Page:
Recently the captain and crew of one of China’s twelve Kilo class subs (submarine 372) were publically honored for saving themselves and their sub with quick and effective response to a flooding problem that threatened to take the boat deep enough to be crushed. Not many details of the incident were revealed but it was emphasized that the crew acted more effectively than earlier crews had done. Perhaps most importantly the captain did not call for a tug to haul the crippled (for a while until the crew could make repairs) sub back to port. This has happened many times to Chinese subs in the last few decades. But not 372 and that was worthy of praise and a great relief to political and military leaders. The actions of the crew and its captain indicated that the billions of dollars and decades of effort had paid off. A major reason for this was the decision in the late 1990s to have ships, and especially subs, spend more time at sea. This was dangerous because the crews had little experience and were at risk of embarrassing incidents (which did occur) if they were allowed to spend a lot of time at sea. As astute students of history the Chinese leaders were persuaded to allow the increased training as there was no other way to obtain competent crews that could handle emergencies, and combat, successfully.
The Kilo class boats were always more of a known quantity as they had entered service in the early 1980s. Russia only bought 24 of them but exported over 30. It was considered a successful design, especially with export customers. But just before the Cold War ended in 1991, the Soviet Navy began work on the Lada. This project was stalled during most of the 1990s, by a lack of money, but was revived in the last decade. Russia has 17 Kilos in service (and six in reserve) and four improved Kilos on order. More than that is on order from foreign customers.
Meanwhile, the Chinese Navy has been designing and building a rapidly evolving collection of "Song" (Type 39) class diesel-electric submarines that emphasize quietness. The changes have been so great that the four most recently built Songs were recognized as a new type and designated the Yuan class (Type 39A or Type 41). The original design (Type 39) first appeared in 2001, and 13 have been built. Type 39A appeared in 2008. Two of these Type 39As appeared before two of another variant, sometimes called Type 39B, showed up. The evolution continues, and there are now thirteen "Type 41 Yuan Class" subs (of at least three distinct models). These latest models appear to have AIP (air independent propulsion system) along with new electronics and other internal improvements.
This rapid evolution of the Type 39 appears to be another example of China adapting Russian submarine technology to Chinese design ideas and new technology. China has been doing this for as long as it has been building subs (since the 1960s). But this latest version of what appears to be the Type 41 design shows Chinese naval engineers getting more creative. Two or more Yuans are believed to have an AIP that would allow them to cruise underwater longer. Western AIP systems allow subs to stay under water for two weeks or more. The Chinese AIP has less power and reliability and does not appear to be nearly as capable as Russian or Western models. The Chinese will keep improving on their AIP, just as they have done with so much other military technology.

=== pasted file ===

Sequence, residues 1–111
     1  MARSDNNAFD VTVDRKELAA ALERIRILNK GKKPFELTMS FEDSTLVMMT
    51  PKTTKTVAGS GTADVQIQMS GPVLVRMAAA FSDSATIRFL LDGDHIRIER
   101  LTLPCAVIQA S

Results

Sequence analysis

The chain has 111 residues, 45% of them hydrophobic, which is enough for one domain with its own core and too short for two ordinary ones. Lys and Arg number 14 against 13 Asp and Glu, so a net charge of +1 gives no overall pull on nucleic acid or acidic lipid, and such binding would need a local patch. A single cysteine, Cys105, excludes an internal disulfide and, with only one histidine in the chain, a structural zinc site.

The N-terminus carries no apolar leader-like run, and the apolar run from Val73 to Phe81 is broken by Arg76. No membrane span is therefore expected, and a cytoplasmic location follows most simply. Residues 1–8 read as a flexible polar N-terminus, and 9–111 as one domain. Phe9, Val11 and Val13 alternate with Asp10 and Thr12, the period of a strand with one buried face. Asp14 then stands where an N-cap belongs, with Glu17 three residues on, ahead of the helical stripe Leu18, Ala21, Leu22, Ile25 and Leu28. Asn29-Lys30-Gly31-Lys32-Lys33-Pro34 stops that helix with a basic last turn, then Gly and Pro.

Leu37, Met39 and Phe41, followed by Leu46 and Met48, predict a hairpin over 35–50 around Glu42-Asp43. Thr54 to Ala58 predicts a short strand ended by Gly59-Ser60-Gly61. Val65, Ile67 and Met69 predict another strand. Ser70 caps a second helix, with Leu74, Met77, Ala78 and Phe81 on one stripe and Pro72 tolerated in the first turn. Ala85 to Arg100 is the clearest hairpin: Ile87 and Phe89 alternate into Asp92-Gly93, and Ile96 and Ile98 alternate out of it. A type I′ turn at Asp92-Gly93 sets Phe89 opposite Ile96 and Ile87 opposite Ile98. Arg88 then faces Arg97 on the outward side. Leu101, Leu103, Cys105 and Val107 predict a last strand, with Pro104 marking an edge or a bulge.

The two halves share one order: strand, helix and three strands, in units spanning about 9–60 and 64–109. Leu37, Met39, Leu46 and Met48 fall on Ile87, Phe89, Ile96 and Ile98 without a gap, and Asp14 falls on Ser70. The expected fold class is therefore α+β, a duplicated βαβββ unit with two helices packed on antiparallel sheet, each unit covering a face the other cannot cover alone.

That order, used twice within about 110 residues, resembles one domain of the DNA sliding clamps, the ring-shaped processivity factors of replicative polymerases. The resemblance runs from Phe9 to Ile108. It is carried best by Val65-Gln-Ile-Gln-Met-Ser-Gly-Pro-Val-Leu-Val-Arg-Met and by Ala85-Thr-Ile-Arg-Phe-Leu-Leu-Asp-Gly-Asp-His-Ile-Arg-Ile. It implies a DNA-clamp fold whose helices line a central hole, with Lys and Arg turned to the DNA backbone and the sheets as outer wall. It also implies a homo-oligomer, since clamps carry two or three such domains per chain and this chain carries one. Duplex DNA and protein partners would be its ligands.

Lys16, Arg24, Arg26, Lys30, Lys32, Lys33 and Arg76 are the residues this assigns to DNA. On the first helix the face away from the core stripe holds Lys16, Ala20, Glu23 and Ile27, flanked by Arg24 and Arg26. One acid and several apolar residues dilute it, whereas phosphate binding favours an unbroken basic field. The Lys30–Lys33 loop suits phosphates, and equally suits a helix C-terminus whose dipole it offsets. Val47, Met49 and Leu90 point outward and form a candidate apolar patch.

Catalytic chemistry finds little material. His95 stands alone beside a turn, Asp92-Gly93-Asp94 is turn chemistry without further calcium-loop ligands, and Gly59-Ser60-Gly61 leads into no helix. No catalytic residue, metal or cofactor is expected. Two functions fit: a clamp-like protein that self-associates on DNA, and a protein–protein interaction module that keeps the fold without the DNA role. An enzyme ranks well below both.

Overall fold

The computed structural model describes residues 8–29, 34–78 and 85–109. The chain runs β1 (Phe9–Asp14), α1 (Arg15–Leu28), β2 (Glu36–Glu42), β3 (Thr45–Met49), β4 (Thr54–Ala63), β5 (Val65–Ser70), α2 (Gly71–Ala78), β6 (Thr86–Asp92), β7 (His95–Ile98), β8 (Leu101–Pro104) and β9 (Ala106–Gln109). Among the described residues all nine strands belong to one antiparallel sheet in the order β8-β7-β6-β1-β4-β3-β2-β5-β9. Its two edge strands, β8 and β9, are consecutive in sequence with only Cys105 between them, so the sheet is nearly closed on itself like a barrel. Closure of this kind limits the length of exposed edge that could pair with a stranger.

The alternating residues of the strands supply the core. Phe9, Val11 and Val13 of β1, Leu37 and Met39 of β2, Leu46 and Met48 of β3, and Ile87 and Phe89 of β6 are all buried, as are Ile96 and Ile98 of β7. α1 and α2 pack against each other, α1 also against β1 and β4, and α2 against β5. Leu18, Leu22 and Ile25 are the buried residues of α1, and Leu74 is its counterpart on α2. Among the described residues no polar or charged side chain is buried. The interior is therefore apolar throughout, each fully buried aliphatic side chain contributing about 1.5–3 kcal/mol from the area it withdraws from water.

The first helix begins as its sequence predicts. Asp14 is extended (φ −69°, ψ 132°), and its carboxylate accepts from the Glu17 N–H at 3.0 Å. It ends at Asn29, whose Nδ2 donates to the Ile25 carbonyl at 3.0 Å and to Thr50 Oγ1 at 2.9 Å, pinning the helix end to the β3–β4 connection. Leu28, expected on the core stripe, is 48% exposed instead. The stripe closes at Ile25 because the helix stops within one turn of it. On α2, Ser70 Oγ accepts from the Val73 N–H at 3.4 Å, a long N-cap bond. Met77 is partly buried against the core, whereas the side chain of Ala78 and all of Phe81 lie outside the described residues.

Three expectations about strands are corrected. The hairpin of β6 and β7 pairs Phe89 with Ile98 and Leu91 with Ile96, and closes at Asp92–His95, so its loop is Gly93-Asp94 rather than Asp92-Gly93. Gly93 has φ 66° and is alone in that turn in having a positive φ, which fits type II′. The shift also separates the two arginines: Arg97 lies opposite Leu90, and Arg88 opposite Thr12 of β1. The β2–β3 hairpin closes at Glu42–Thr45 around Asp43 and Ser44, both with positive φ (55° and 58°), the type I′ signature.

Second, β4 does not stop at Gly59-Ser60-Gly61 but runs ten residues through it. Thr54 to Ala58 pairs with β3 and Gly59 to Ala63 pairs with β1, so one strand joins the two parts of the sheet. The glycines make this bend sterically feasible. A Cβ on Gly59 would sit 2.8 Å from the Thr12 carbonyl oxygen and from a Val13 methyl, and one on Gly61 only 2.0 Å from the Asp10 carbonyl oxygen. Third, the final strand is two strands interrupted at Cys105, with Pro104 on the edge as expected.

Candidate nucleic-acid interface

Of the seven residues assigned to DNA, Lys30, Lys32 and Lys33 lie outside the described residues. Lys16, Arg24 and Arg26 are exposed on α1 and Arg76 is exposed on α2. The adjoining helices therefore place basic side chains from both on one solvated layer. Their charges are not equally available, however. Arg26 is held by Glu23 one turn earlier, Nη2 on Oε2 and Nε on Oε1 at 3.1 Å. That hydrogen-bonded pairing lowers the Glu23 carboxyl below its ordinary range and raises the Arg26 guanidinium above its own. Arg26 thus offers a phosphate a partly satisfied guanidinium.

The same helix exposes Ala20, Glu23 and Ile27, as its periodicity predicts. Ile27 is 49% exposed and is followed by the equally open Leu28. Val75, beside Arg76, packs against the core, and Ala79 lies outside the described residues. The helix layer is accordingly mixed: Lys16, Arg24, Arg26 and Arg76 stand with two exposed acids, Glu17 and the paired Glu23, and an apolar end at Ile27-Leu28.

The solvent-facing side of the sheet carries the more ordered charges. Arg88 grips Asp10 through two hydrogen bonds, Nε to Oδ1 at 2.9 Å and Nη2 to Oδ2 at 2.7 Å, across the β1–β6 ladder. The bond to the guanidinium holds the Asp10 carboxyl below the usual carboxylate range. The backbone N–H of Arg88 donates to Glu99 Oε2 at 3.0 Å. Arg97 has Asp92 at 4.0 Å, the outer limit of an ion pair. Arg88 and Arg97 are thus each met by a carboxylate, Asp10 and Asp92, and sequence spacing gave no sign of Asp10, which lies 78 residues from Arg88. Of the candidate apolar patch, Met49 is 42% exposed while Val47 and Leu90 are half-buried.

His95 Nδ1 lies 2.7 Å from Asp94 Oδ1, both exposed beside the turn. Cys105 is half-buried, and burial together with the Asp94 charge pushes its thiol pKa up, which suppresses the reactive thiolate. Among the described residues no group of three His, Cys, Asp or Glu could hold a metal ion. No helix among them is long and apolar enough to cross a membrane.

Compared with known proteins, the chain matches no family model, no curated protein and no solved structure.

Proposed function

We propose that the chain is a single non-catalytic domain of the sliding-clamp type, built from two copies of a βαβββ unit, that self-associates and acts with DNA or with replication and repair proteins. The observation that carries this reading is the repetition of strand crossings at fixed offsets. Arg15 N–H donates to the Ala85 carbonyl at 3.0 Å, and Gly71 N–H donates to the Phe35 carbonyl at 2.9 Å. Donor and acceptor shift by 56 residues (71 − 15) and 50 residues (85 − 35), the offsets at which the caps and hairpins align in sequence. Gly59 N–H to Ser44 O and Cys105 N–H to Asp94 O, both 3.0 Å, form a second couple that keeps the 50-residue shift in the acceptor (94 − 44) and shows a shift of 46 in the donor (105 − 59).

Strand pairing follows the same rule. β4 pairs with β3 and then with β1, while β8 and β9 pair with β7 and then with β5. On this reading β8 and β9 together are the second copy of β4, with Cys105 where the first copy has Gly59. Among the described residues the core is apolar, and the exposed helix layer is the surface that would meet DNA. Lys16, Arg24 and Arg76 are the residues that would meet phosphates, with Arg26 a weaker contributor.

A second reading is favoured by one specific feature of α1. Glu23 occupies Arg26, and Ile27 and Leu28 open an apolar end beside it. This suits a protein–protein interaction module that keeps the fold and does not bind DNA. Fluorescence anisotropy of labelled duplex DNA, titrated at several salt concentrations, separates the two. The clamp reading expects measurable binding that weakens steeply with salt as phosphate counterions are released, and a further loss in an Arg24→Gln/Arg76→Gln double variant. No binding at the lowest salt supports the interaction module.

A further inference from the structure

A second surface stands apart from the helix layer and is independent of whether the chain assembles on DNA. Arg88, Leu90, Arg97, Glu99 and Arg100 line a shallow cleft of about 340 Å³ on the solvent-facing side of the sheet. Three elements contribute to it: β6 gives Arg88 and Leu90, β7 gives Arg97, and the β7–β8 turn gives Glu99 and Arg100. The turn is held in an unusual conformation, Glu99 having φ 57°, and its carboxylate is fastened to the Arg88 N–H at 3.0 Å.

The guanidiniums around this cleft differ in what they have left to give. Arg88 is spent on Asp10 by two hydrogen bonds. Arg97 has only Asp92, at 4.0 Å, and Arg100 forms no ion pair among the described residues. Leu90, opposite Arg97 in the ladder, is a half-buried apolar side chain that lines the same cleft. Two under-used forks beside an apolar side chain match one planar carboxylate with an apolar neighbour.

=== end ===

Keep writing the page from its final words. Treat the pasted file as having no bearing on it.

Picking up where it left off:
The Songs look a lot like the Russian Kilo class and that was apparently no accident. The 39s and 41s are both similar in appearance but the type 41s appear larger than the 1,800 ton Type 39s. Both have with crews of 60-70 sailors and six torpedo tubes. This is very similar to the Kilos (which are a bit larger). China began ordering Russian Kilo class subs, then one of the latest diesel-electric designs available, in the late 1990s. The first two Type 41s appeared to be a copy of the early model Kilo (the model 877), while the second pair of Type 41s appeared to copy the late Kilos (model 636). The latest Yuans still appear like Kilos but may be part of an evolution into a sub that is similar to the Russian successor to the Kilo, the Lada. The Type 39s were the first Chinese subs to have the teardrop shaped hull. The Type 41 was thought to be just an improved Song but on closer examination, especially by the Russians, it looked like a clone of the Kilos. The Russians now believe that the entire Song/Yuan project is part of a long-range plan to successfully copy the Kilo. If that is the case, it appears to be succeeding.
China currently has 13 Song class, 12 Kilo class, 13 Yuan class, and 18 Ming (improved Russian Romeo) class boats. There are only 3 Han class SSNs, as the Chinese are still having a lot of problems with nuclear power in subs. Despite that, the Hans are going to sea, even though they are noisy and easily detected by Western sensors. Five Hans were built (between 1974 and 1991) but 2 have already been retired. There are 4 newer Shang class SSNs in service, but these are still pretty noisy. The Song/Yuan class subs are meant to replace the elderly Mings. The four Ladas will give Chinese submarine builders some ideas and goals for future subs of this type.